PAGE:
Tuesday, March 8, 2011

What happens when you get a Judgment in Cook County, Illinois?

A judgment is a lawsuit that was successful. A judgment enables a Plaintiff to perform certain actions against you or your business in order to collect the money that is owed to them. In Cook County, Illinois, a judgment is enforced in Room 1401 of the Richard J. Daley Center. The purpose of Room 1401 is to coordinate Citations to Discover Asset's proceedings. Essentially, a Plaintiff must file appropriate paperwork and give notice to the Defendant to show up. A Defendant is sworn in under oath and is asked a series of questions. These questions are essentially designed to find out whether you have any money that the Plaintiff can take. These assets include bank accounts, business interests, real estate, cars, personal property, accounts receivable and other assets.

In Illinois, a Defendant has a $4,000 personal property exemption, which means that a Defendant can protect up to $4,000 of personal property without the Plaintiff seizing this money/assets. For example, a common asset that is frozen is a banking account. If you own a checking account with $5,000, you have a legal right to exempt $4,000 in personal funds. Anything above $4,000 may legally be seized by the Plaintiff. Practically speaking, a Plaintiff will issue a Garnishment Citation to your Bank and your bank will set aside all of your monies in your bank account. The Plaintiff is entitled to every penny unless you file appropriate paperwork at the Circuit Court of Cook County in a timely manner.

After a judgment occurs, typically thirty days will go by and the Plaintiff will begin collecting against your bank accounts. As a rule of thumb, a Defendant should be aware that the Plaintiff will try to surprise them and freeze their bank account. Thus, a Defendant should be careful about writing checks because the checks will bounce and NSFs and bank fees will be substantial. The good news is with an attorney, you can get a court order to force the Bank to waive the Bank fees if your funds are protected by federal and/or state law.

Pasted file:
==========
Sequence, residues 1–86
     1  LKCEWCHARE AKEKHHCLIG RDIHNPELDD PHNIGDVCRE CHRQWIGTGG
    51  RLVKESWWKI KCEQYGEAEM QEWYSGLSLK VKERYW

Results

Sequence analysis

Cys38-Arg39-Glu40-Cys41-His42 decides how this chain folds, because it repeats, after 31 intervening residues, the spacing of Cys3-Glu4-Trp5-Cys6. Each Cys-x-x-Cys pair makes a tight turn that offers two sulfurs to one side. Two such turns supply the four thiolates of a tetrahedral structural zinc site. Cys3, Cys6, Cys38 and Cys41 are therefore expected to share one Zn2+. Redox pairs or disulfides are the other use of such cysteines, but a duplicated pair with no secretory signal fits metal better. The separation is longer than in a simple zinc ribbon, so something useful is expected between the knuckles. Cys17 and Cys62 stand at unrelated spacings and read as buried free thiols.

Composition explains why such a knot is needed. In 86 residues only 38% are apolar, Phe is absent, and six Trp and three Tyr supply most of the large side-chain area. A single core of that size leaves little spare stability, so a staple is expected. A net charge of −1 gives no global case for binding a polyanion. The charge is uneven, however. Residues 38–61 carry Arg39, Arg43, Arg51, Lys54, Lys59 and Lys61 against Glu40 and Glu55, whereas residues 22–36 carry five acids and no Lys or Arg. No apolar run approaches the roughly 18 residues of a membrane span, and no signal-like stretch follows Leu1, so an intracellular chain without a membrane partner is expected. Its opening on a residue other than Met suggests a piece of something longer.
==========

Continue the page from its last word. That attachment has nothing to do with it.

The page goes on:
Moreover, when a judgment occurs, a lien automatically is placed on any real estate that you own in your personal name. This is one reason it is important to have a Private Land Trust set up. A Private Land Trust prevents a judgment from attaching to your real estate. However, you cannot fraudulently transfer your house or investment property into a Private Land Trust to prevent a judgment being attached to your property when proceedings are occuring. Preventing a lien against your property interest is important because you must pay off all liens prior to selling your real estate. Therefore, a lien may prevent you from ever being able to sell your real estate without paying off a lien. At first glance, many people desire to pay off their bills. However, there are times when it is simply impossible to pay your judgment off. I had one particular client that desired to settle his judgment until he realized that the interest alone on his case was over $5,000 per month. It simply was impossible and impractical for him and his wife to pay this judgment. Fortunately for them, they had hired my law firm to protect their assets. Our asset protection plan worked as planned.

Sean Robertson is an Asset Protection Attorney for Physicians, Dentists, and Business Owners. If you need an asset protection attorney, Sean Robertson is happy to assist you. Sean Robertson may be reached at (312) 498-6080.

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